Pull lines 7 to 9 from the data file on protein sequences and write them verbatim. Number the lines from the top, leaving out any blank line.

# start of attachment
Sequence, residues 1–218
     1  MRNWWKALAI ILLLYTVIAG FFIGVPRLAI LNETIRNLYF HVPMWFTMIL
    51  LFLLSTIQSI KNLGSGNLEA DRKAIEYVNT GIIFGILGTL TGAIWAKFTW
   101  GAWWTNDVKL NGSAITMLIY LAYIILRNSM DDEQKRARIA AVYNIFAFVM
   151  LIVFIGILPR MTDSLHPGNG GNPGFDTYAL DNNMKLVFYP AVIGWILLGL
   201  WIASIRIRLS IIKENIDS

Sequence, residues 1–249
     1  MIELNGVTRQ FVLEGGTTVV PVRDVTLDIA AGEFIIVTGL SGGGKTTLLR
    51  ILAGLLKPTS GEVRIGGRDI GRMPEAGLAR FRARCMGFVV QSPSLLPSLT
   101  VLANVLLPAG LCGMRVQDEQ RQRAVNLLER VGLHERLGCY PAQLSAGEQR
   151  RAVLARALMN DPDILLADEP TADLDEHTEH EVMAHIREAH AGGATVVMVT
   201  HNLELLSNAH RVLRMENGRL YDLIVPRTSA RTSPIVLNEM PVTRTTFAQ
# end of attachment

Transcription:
Sequence, residues 1–249
     1  MIELNGVTRQ FVLEGGTTVV PVRDVTLDIA AGEFIIVTGL SGGGKTTLLR
    51  ILAGLLKPTS GEVRIGGRDI GRMPEAGLAR FRARCMGFVV QSPSLLPSLT